Tarantulas can't regulae their own bogy temperature because they are not warm blooded. This is why temperature is so important for them. For most tarantulas the temperature should be about 70-75 degrees. Don't worry if your temperatures drop a little or goes up a little because in the south west desert of the US were some spiders live the temperature can go below 0 degrees! Another thing About heat is that some tarantulas keepers shorten and lengthen the time they turn off and on their T.'s lights seasonally. This is probably very affective, especially for breeding, but not needed.
Also remember to mist your T. to create more humidity. All species vary on how many times they need to be misted a week.
Space Heating is were your house temperature is fit to suit the needs of your and your tarantula's needs. But if you put your house temperature to low it could kill your T. You can also space heat a room, but if you have two or more tarantulas from different parts of the world they would need to have different temperatures. All and all, though space heating can save you money, I wouldn't recommend it.
Electric hot rocks are OK, but I'm not to sure about them. This is because I now that when it gets to cold some lizards would sit so long on there hot rocks that there bellies would burn and scare. I'm not so sure about this with tarantulas, but I wouldn't take any chances myself.
Good, old fashion light bulbs. This is what a lot of keepers, including me use. You can use a light on the out side, top of your tank for about 12 hours on and 12 hours off. You can use a timer if you have the money. A good idea is to heat half of the tank so it can bask or cool down. You can use a black light or a red like if you wish, but I don't.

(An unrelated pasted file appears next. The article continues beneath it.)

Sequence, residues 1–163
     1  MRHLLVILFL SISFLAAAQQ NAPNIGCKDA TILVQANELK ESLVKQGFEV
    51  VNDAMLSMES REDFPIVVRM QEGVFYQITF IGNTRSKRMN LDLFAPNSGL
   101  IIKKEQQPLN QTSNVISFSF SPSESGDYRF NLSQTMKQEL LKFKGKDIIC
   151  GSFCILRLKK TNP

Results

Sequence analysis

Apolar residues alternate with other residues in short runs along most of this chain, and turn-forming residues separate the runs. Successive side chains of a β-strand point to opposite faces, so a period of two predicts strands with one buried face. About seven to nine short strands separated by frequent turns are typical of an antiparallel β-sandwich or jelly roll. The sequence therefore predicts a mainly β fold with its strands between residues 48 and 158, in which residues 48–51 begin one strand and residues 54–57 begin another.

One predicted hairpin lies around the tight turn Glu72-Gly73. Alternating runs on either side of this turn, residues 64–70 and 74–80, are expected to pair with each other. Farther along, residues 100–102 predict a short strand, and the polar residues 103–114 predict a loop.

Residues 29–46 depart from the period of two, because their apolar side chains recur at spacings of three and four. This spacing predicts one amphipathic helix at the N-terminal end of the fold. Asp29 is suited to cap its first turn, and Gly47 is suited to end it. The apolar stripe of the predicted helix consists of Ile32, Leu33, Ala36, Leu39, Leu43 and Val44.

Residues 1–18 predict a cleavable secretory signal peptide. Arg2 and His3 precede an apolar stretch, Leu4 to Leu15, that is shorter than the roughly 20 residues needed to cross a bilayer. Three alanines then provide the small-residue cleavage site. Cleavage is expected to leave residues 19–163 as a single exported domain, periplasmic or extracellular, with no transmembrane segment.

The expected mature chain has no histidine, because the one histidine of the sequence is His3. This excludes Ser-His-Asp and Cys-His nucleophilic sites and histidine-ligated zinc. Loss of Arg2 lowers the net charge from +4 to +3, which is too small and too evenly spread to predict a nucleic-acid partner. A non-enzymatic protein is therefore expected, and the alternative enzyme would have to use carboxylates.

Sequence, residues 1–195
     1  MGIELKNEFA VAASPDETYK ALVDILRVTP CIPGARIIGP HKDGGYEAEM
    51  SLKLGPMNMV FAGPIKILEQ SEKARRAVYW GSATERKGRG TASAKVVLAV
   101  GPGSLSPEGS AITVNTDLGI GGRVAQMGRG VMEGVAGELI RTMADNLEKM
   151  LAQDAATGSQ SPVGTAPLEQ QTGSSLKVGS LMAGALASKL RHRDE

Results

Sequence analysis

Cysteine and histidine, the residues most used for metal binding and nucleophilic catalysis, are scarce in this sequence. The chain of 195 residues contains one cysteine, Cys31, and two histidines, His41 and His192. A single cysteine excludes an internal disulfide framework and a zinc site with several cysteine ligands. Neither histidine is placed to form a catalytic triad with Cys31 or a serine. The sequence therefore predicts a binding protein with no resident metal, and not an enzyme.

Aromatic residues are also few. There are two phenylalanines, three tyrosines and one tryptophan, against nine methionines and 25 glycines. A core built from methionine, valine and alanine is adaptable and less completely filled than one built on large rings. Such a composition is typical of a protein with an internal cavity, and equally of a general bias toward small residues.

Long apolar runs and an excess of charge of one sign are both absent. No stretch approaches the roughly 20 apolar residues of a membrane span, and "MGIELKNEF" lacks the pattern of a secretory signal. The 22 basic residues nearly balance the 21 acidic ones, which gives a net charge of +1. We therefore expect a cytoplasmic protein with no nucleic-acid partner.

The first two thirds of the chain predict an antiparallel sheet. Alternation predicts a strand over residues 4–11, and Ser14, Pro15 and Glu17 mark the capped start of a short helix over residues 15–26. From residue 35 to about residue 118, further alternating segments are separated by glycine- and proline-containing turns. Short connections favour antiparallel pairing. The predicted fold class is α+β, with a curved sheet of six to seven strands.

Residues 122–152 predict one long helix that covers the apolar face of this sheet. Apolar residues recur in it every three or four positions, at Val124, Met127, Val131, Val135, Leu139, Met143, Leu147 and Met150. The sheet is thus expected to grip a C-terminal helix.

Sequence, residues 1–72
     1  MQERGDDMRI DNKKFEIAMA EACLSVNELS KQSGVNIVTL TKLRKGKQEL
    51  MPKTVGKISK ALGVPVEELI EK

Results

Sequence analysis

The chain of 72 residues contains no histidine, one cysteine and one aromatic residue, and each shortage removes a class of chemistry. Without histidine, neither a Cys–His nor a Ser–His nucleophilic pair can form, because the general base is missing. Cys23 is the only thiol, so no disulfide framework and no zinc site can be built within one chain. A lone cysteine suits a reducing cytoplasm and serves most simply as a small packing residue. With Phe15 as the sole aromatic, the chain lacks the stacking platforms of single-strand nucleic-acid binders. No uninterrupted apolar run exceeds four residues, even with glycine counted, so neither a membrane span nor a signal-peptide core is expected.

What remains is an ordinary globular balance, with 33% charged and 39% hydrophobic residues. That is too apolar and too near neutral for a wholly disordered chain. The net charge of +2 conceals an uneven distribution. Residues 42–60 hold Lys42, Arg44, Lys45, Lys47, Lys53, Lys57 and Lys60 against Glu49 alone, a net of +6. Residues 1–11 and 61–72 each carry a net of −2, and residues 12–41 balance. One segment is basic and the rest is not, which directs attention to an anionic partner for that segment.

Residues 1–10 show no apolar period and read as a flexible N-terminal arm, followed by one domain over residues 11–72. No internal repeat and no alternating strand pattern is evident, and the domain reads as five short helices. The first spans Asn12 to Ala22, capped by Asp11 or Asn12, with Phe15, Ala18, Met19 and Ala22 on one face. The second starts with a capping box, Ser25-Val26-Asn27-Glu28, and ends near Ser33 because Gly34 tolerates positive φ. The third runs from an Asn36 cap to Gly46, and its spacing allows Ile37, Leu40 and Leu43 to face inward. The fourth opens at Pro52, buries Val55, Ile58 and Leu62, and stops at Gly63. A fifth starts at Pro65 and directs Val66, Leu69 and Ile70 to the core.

Heat Pads under the substrate is good for airiel tarantulas. If you put it under the tank for burrowing species they will get cooked! Because they are trying to get away from the heat when they burrow and when it gets hotter they will dig down lower, but it will just get hotter until they fry. For these species put the pad on the side of the tank. Also, like lights put the pad on one side of the tank so it can bask or cool down.
Also remember to put in a thermometer. A thermometer will allow you to monitor the temperature of the tank. Put the thermometer down almost touching the substrate. This way you can tell the temperature of the substrate and the air.
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